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November 02, 2009
In January 2010, California became the first state to offer parents another path when it passed the Parent Empowerment Act, aka “parent trigger” law. This measure allows parents to force turnaround efforts at a school, similar to those framed by the federal School Improvement Grant program, including reconstitution as a charter and replacement of half the staff. Since then, six other states have adopted “trigger” legislation (including Ohio, which passed a pilot program for Columbus City Schools in 2011). Another twenty-plus have considered (or are currently considering) similar legislation. This form of parent empowerment has merit, even if it hasn’t actually happened yet in real places. Indeed, no real school has successfully implemented a parent trigger—for school systems, teacher groups, and other establishment forces have myriad means available to block it.
For a preview of how it might really happen, we turn to Hollywood: This film—produced (and presumably subsidized) by Philip Anschutz’s Walden Media and starring Viola Davis (The Help, Doubt) and Maggie Gyllenhaal (Crazy Heart)—chronicles the efforts of two moms (one of them also a teacher) as they struggle to reconstitute their horrific Pittsburgh elementary school under the state's hypothetical "Fail Safe Act." (No, Pennsylvania hasn’t passed a parent-trigger law yet.)
All the essential—and predictable—characters are featured: The apathetic and/or change-averse school-board members; the conniving teacher-union head; the vindictive and heinous principal; the dedicated teachers—and also those more worried about pension accrual (or job retention) than student achievement. Maybe it’s a little formulaic. But maybe it needs to be if viewers are successfully to imagine something that hasn’t yet happened in the real world.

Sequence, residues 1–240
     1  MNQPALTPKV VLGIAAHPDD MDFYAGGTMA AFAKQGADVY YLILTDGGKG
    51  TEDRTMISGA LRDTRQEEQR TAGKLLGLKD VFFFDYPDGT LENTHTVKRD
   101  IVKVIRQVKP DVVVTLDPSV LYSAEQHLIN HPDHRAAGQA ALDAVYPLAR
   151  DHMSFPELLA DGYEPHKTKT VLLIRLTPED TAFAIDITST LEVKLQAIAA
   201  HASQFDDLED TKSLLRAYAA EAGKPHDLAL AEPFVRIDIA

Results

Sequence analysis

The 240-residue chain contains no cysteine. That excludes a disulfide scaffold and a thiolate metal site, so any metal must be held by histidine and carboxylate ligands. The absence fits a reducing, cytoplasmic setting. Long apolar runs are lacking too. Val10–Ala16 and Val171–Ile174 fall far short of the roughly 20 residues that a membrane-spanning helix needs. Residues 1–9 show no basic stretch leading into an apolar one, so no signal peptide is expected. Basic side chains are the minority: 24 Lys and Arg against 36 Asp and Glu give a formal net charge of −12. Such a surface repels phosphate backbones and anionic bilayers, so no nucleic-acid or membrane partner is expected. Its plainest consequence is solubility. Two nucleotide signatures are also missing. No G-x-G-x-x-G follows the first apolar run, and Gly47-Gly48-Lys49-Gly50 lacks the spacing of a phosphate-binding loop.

To the filmmakers’ credit, the politics and charged emotions on display within and among these groups feel plenty real. While parent-trigger legislation is the muse of Won’t Back Down, issues of choice, unions, governance, curricular design, instructional effectiveness, and school (and individual) accountability are also present. A couple of kids have disabilities. Parents don’t have much money—and are at their wits’ ends to get their children a decent education in a gritty neighborhood. Your eyes may well moisten as you watch.
Showcasing such issues in a general-distribution movie (coming tomorrow to a theater near you) is apt to widen the fan base for parent-trigger legislation and perhaps other needed reforms. That’s undeniably a good thing to do. The question then becomes: How do we keep fiction from permanently being truer than reality?
SOURCE: Daniel Barz, Won’t Back Down (Walden Media, September 28, 2012).